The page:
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Internet regulation

Written by Tim Mount on 19 July 2010

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The Raoul Moat 'tribute' web pages on Facebook led to much disgust and fury about the views expressed on them by the tens of thousands of 'supporters' of the murderer.

The Prime Minister expressed in turn his opinion that there was nothing commendable about the man. On this the Guardian believed the PM to be out of touch with social media in his condemnation of the Facebook page, but the Daily Mail pointed out this 'instinctive' handling of the issue. Their article contrasted it to the avoidance of opinion, yet reach-for-the-legislation approach of the previous government.

As the article pointed out, the internet is seen as the wild west, the frontier, where anything goes. Whereas, and you can almost smell the unfairness in the air, Daily Mail writers and others in more traditional media are regulated, by for instance Ofcom.

Jonathon Ross being a prime example.

Another is in a recently reported case, Regina (Gaunt) v Ofcom (Liberty intervening) in the High Court. Jon Gaunt, a talk show host formerly employed by the radio station talkSPORT was attempting to get a judicial review of a decision by the independent regulator Ofcom. Gaunt (supported by Liberty) claimed that the Ofcom decision against him breached his freedom of speech under HRA Art 10.

Gaunt had been in the Ofcom dock after members of the public submitted complaints to Ofcom following a live broadcast on talkSPORT where the claimant talked with a local politician, Michael Stark, a cabinet member for childrens services for Redbridge London Borough Council.

The council had proposed to ban smokers from becoming foster parents on the ground that passive smoking was likely to harm children.

Gaunt was known for his outspoken and aggressive style of presentation and this time degenerated into shouting at Stark calling him, inter alia, a "Nazi", a "health Nazi" and an "ignorant pig".

Sir Anthony May gave the judgement of the court. The claimant's freedom of expression did not extend to gratuitous offensive insult or abuse, which had no contextual content or justification, or to repeated abusive shouting which expressed no real content. Ofcom's conclusion was justified and did not materially interfere with the claimant’s freedom of expression. An inhibition from broadcasting shouted abuse which expressed no content did not inhibit, and should not deter, heated and even offensive dialogue which retained a degree of relevant content. Accordingly, the claim failed. The balancing act of Ofcom was sound.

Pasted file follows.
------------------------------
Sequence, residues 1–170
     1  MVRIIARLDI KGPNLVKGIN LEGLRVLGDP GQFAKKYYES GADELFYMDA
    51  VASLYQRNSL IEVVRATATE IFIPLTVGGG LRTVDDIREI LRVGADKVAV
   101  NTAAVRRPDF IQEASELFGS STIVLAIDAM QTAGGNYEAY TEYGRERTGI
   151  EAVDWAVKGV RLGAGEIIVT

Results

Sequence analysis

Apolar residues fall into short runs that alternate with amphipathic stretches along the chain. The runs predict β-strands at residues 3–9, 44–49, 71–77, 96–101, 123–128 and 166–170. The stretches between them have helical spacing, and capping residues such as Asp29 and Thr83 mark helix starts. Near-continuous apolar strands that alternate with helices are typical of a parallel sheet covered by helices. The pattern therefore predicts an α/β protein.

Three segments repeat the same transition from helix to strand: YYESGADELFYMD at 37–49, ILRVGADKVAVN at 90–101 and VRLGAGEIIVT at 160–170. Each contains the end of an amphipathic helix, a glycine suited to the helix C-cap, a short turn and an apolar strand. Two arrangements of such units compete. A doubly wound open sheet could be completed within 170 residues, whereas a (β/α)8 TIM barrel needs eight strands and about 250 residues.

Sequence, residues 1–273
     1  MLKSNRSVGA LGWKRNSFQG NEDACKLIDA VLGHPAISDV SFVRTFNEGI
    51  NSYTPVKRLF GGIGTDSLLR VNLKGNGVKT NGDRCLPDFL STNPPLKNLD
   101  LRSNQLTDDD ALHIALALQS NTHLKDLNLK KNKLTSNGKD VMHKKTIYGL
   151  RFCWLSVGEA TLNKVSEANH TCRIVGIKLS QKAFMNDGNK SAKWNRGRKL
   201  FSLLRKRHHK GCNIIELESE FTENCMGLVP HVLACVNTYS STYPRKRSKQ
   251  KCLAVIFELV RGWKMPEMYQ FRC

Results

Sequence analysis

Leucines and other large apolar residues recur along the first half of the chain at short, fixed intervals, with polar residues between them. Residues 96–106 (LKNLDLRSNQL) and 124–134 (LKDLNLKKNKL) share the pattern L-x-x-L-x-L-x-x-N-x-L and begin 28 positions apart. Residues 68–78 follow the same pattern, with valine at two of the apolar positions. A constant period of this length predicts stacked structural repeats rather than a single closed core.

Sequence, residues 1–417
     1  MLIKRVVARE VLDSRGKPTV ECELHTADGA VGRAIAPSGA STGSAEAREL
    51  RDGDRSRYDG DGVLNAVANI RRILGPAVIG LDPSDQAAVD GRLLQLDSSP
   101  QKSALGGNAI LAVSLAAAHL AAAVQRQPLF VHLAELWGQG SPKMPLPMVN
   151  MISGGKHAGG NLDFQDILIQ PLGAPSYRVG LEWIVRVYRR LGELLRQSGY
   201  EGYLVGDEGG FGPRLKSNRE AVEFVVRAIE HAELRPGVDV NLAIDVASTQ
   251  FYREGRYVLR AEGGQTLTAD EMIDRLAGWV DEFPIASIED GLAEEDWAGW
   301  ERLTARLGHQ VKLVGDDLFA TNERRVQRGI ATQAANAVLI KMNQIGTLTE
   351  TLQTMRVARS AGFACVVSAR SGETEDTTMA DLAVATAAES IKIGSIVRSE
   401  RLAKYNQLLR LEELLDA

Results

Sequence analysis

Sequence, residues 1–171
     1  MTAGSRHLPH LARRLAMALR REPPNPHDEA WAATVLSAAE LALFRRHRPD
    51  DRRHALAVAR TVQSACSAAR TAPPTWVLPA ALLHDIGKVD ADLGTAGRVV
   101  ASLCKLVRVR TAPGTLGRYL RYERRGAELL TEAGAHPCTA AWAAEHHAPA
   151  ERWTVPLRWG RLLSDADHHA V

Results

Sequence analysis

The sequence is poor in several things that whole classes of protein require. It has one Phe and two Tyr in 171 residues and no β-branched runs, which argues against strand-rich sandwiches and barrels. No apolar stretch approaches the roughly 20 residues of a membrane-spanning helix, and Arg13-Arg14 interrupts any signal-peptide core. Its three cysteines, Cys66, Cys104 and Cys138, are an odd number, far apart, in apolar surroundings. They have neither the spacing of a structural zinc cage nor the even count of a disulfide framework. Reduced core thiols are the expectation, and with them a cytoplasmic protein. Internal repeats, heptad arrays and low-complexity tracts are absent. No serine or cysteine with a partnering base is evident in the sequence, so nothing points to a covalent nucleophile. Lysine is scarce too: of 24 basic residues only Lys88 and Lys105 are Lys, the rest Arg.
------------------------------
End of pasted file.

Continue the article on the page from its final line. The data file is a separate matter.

Returning to the Mail conclusion that the PM is showing moral leadership rather than legislating, the thrust was that there are (a few) notable examples of people filing and winning cases about internet content, and as such the internet can and must be self regulating through the existing framework. The anarchism of faceless boys in their bedrooms can be defeated.

The laws are there, went the argument, and it is the threat of being punished under the laws that works in general not their application. All well and good, but the article continued...

On top of the existing laws, there is the little-known Electronic Trading EC directive of 2002, which gives all of us the power to fight back.

The directive gives providers of sites such as Facebook immunity from prosecution only if they act promptly to remove offending articles from the web when a complaint is made. Thus, if we want a 'cleaner' internet, it is up to us as individuals to complain about offensive material. Websites such as Facebook make it a simple matter to do so and they are compelled by law to comply.

Anyone who has experience in internet law knows that the notice-and-take-down procedure works well for complainants of alleged copyright infringement, and alleged defamation. But anyone who also reads the news knows that that Facebook page was pulled by its creator, not by Facebook, who did not feel it was necessary to pull it. Until a judicial or quasi-judicial body gets involved (and there is no Ofcom of the internet as we know), Mail readers can generate as many complaints as they like but it may just end up as moral urination into an anarchist wind. Unless the Mail puts its money where its mouth is, and sues Facebook?

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